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Lola T-70 Mk III

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159 replies
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  • Member since
    July 2005
  • From: Surf City, So Cal
Posted by Scale-Master on Thursday, January 23, 2020 9:46 AM
I machined tool to make controlling the parting line in the wheel molds easier. 
It locks into the back of the wheel center like the rear piece of the rims.
Clay is used to seal one side.

Build what you want and build it for yourself, the rest will follow... Mark D. Jones

  • Member since
    July 2005
  • From: Surf City, So Cal
Posted by Scale-Master on Sunday, January 26, 2020 2:00 PM
Then I cast the side that contains the face of the wheel in RTV so that the seams are all on the inside of the wheel and quite minimal at that.

Build what you want and build it for yourself, the rest will follow... Mark D. Jones

  • Member since
    January 2004
  • From: CA Gold Country foothills.
Posted by mishalah on Saturday, February 1, 2020 7:40 AM
Those valve covers are outstanding!

"Help me....I've fallen and I can't get up."...my models are crushing me. my pics: https://public.fotki.com/dallas916/

  • Member since
    July 2005
  • From: Surf City, So Cal
Posted by Scale-Master on Saturday, February 1, 2020 7:17 PM

Thanks!

 

The half-shafts are done for now.  The yokes are cast resin (dyed black) copies of 3D parts.
The shafts are brass acid treated for the dark finish. 
Each U-joint has four bearings/caps (with E clips) and they work.  The half-shafts telescope too.

Build what you want and build it for yourself, the rest will follow... Mark D. Jones

  • Member since
    January 2020
  • From: Florida USA
Posted by Gooch01 on Saturday, February 1, 2020 8:36 PM

Excellent work your cad work is spot on next-level stuff.  

Regards 

Dave 

  • Member since
    July 2005
  • From: Surf City, So Cal
Posted by Scale-Master on Wednesday, February 5, 2020 6:07 PM

Thanks Dave!

 

I was going to have to adjust the rotor hubs (or make shims) so I decided to mill a new one out of resin stock instead of editing the 3D file and growing a replacement.  This was quicker too.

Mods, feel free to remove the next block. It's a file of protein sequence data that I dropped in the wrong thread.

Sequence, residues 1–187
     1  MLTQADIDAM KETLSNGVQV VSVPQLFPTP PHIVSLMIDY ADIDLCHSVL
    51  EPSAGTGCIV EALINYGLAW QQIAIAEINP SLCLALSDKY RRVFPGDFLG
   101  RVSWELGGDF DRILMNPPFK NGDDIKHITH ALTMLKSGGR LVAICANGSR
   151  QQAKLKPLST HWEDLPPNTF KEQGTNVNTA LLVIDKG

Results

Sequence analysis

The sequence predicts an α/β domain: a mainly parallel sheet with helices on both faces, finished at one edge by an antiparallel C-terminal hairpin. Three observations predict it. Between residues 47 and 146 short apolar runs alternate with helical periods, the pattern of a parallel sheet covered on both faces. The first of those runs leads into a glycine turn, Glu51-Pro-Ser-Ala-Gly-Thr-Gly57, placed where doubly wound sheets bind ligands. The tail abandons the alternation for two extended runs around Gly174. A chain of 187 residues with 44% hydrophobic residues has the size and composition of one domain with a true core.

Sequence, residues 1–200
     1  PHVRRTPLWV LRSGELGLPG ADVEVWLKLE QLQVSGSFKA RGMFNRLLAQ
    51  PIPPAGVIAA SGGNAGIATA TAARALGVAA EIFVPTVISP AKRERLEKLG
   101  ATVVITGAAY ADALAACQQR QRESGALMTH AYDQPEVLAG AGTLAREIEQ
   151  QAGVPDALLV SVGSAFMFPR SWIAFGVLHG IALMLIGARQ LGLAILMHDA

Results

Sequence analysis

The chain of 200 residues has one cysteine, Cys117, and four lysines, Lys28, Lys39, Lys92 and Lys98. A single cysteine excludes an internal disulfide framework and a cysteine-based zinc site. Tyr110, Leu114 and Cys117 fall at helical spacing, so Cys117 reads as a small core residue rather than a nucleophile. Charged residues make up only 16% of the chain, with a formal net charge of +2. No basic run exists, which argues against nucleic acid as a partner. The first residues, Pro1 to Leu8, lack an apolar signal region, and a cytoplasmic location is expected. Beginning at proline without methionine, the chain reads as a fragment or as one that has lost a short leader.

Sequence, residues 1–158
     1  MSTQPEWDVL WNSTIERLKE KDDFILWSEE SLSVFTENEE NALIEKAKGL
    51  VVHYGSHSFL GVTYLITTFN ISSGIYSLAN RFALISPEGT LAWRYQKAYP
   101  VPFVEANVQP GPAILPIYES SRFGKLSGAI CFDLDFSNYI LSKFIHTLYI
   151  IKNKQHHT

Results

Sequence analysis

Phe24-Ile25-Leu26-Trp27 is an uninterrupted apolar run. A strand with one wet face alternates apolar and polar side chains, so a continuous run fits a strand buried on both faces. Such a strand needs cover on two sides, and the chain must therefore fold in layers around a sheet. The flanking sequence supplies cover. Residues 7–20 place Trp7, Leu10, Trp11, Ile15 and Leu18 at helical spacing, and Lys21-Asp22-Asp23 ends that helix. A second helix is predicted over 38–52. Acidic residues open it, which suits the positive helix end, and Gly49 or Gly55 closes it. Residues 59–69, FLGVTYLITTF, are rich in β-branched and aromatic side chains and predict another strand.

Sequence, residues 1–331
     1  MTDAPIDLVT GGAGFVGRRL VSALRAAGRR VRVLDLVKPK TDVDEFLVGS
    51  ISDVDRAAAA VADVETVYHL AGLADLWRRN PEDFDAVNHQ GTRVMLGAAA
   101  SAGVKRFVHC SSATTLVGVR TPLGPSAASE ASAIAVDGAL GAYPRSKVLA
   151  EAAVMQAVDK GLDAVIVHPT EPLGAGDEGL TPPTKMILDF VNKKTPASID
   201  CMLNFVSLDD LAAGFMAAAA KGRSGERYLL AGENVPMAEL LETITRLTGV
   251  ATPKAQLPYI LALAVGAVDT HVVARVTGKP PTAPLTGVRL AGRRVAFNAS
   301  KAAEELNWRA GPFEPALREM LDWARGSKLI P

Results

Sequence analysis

Build what you want and build it for yourself, the rest will follow... Mark D. Jones

  • Member since
    January 2015
Posted by mustang1989 on Thursday, February 6, 2020 7:59 AM

Always good to pop in on this one and see the work going on. Lookin' good so far.

Being really stupid is the new smart!! 

    Joe

  • Member since
    July 2005
  • From: Surf City, So Cal
Posted by Scale-Master on Sunday, March 8, 2020 4:21 PM
I designed and then grew the rotors several times over the course of a few months.  The detail I want is just not something my printer can do on both sides.  (One side is great.)  I redesigned them adding more material so I could post-machine  after growing them, but the material is too brittle when cured, and too soft and pliable before fully curing.  I was able to make them look really good after machining, but every one of them had micro fractures (or worse) that would show up under paint.
The good side of them:
The rough side of them before machining:

Build what you want and build it for yourself, the rest will follow... Mark D. Jones

  • Member since
    July 2005
  • From: Surf City, So Cal
Posted by Scale-Master on Sunday, March 8, 2020 4:52 PM
So after way too much time and effort without acceptable results, I went back to my original plan to make the rotors before I got the 3D printer…  Good old machining.
First I milled in the rectangular vent holes around the perimeter.
Then I cross-drilled 60 holes in each side.

Build what you want and build it for yourself, the rest will follow... Mark D. Jones

  • Member since
    July 2005
  • From: Surf City, So Cal
Posted by Scale-Master on Monday, March 9, 2020 3:55 PM
As satisfied I was at the time, the more I looked the more I thought I could do better…  So more time on the mill and now I think I have what I want.  These cross-drilled holes scale out to ¼ inch in diameter.

Build what you want and build it for yourself, the rest will follow... Mark D. Jones

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